Great Guitarists #4: Kenny Burrell

Today we look at the man behind one of my favourite jazz albums of all time…

Kenny Burrell

Kenny Burrell, at the Midnight Blue sessions, 1963

Born in Detroit, Michigan, in 1931, and into a musical family, Burrell has been recording and performing on the guitar since the start of the 1950’s.

Burrell’s recording debut recording was as part of none other than trumpet player Dizzy Gillespie’s sextet in 1951. He started recording solo records almost immediately after, often working in collaboration with other big names in jazz. His discography as band leader is enormous (well over fifty studio cuts). Yet Burrell still found time to work as a sideman for scores of artists, such as Oscar Peterson, Tony Bennett, Billie Holiday, Bill Evans, Wes Montgomery and Benny Goodman (taking the chair once held by his hero Charlie Christian), and many, many more.

His main guitar influences are a mix of jazz (Charlie Christian & Django Reinhardt) and blues (T-Bone Walker & BB King). This blurring of the lines between jazz & blues continued throughout his career, in a style known as Hard Bop (or Soul Jazz). This sub-genre of jazz, of which Burrell is considered a key proponent, is considered by some to be a reaction to the Cool Jazz of the West Coast musicians. His warm tone came from his Gibson Super 400 (a fairly large archtop) combined with failing down the treble on his Fender amplifiers for a ‘fatter’ tone.

One of the reasons I really enjoyed listening to Kenny Burrell when I started learning jazz was how accessible he made the genre sound. His more blues-tinged works (see below) provided an aural link I found familiar as a blues player. However, I soon discovered that his phrasing was as sophisticated and intelligent as the other jazz players – he just made it sound effortless. Making such advanced playing appear so effortless, and therefore more listenable, is one if the traits which makes Burrell a great guitarist!

Essential Listening

It can only be Midnight Blue (1963). I’ve linked to the title track here – a masterclass in laid back, bluesy jazz – but do yourself a favour and spare yourself 45 minutes to enjoy the entire album.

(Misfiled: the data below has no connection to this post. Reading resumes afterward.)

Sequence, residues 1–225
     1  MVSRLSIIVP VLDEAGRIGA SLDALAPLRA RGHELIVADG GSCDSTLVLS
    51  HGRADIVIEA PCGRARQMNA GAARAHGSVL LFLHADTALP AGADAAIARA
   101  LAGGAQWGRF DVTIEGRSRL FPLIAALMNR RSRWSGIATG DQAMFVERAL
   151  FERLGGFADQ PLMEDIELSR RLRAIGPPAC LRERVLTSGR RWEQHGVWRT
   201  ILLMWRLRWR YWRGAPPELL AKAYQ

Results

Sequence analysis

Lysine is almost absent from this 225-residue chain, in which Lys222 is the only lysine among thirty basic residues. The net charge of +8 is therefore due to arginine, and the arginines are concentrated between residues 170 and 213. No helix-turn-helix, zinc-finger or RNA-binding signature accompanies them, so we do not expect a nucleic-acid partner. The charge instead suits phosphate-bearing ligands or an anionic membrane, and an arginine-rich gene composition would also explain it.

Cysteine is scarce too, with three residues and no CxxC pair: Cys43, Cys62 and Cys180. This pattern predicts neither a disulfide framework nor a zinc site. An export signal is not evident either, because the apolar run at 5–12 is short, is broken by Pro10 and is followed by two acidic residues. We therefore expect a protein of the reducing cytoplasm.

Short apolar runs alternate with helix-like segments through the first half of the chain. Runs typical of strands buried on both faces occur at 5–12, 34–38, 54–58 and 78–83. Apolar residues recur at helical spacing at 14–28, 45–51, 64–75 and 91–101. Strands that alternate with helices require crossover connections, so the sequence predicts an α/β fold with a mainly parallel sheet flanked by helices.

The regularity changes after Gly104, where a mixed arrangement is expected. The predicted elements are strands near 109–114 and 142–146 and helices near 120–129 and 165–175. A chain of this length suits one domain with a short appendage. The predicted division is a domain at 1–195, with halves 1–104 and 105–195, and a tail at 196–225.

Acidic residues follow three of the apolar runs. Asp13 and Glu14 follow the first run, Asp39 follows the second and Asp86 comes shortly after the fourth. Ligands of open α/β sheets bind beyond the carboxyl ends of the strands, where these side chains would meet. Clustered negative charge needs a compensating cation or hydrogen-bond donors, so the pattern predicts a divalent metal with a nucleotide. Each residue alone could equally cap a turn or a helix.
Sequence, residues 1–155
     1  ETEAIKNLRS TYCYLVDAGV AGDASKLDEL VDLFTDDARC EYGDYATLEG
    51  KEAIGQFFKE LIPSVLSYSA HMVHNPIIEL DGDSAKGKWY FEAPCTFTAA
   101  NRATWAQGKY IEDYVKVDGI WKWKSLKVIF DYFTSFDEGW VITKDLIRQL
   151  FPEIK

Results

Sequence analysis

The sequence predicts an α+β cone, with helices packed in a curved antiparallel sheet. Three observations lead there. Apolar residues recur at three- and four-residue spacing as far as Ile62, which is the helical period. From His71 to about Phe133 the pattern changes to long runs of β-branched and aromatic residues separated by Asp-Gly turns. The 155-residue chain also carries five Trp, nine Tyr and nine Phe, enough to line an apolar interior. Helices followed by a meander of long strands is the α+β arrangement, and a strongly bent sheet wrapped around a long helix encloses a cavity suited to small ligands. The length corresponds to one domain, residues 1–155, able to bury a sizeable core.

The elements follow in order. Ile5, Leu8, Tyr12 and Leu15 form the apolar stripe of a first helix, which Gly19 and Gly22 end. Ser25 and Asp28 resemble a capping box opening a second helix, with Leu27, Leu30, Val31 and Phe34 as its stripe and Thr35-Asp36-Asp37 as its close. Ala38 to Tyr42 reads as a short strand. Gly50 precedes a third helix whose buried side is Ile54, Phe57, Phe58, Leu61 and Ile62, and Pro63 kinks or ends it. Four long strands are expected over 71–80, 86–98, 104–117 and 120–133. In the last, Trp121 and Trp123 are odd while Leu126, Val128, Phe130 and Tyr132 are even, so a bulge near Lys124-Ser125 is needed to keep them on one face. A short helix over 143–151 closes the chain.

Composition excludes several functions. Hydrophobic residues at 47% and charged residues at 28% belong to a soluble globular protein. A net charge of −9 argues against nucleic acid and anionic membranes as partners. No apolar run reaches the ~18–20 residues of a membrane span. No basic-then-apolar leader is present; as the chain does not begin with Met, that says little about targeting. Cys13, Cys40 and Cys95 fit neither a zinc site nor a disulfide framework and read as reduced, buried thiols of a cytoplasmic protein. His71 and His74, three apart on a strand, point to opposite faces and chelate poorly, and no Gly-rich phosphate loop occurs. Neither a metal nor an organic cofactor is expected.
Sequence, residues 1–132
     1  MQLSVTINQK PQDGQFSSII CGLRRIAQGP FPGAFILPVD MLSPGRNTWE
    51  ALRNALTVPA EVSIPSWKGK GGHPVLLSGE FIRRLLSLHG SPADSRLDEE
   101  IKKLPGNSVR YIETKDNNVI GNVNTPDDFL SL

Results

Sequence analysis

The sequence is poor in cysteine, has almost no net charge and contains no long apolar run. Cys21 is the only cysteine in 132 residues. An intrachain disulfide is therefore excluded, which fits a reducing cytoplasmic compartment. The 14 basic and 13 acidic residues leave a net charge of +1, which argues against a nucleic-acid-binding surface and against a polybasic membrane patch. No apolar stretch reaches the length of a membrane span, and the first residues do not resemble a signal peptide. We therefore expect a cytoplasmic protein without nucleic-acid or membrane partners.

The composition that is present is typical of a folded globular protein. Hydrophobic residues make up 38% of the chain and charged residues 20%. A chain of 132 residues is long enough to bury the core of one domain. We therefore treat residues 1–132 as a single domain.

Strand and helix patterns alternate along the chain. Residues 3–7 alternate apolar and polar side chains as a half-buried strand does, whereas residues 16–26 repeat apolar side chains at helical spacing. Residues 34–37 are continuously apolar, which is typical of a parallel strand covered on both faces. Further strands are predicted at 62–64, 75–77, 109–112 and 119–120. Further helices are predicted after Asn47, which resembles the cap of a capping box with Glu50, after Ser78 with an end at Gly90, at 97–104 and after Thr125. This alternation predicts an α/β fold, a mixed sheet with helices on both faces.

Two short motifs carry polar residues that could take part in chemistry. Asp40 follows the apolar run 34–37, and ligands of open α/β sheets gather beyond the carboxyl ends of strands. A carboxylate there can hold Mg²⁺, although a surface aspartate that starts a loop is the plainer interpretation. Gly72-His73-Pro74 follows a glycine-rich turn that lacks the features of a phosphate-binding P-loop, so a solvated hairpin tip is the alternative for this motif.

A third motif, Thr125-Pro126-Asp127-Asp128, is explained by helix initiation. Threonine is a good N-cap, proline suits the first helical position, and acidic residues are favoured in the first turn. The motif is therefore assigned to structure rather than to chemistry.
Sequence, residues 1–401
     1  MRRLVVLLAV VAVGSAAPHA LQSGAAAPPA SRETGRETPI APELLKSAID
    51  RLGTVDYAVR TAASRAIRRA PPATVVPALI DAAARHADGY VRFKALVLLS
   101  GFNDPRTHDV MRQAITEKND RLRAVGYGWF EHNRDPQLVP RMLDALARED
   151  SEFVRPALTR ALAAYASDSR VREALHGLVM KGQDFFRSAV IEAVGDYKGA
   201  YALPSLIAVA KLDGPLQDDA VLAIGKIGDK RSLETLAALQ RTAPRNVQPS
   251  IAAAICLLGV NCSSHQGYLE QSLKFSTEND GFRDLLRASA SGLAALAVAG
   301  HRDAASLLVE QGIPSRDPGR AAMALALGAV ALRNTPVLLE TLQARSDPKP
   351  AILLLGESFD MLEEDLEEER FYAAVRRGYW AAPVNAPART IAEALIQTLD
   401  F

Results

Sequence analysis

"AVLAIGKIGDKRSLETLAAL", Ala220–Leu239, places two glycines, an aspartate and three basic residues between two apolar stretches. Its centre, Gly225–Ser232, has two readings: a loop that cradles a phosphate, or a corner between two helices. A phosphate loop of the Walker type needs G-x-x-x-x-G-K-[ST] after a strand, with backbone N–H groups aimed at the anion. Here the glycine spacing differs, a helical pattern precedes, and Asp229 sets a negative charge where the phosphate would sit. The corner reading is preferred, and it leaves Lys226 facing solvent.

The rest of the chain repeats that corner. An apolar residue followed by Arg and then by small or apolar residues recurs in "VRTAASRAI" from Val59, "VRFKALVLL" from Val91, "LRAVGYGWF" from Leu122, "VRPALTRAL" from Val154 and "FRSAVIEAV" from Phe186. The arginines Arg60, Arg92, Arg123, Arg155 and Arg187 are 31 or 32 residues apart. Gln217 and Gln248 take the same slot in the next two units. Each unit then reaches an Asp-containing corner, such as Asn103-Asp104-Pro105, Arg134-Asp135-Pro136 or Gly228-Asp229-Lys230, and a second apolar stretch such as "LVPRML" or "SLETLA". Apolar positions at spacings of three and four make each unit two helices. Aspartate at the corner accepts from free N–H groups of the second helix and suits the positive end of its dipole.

To hear a different side to Burrell’s playing, try Kenny Burrell & John Coltrane, also from 1963. Bebop plays more prominent on this album although Burrell’s tasteful restraint still shines through,and hearing him trade solos with Coltrane feels genuinely seminal. This LP is an underrated album which deserves more attention and acclaim.

I’ll be back with another Great Guitarist tomorrow. Until then, don’t be shy about getting in touch with your thoughts on the series so far, as well as your suggestions for future features. Bye for now!

British Summer Time (BST). The clocks go forward

I’ve not long been back in from tonight’s gig, a wedding down in York’s historic & beautiful city centre, and just noticed that the time on my phone has automatically changed. I’m now an hour further into the future.

2017 is FLYING BY. Already it’s British Summer Time (BST) and the clocks go forward one hour – meaning you lose an hour’s sleep if you’re unfortunate enough to have something scheduled for your Sunday morning.

There’s a debate going on in this country (and indeed many others) about whether or not changing to BST is still as useful as it has been in the past. The main arguments are that it helps the farming community, and makes evenings a little lighter up in northern Scotland (and therefore safer for school children heading home). All I know is I’ll lose an extra hour (spent mainly swearing) attempting to alter the oven clock in the kitchen…

Anyway, time for bed for me, complete with a lie-in! Remember we get our ‘stolen’ hour back in the autumn when we return to Greenwich Mean Time (GMT), but until then, make the most of the hours you have available! x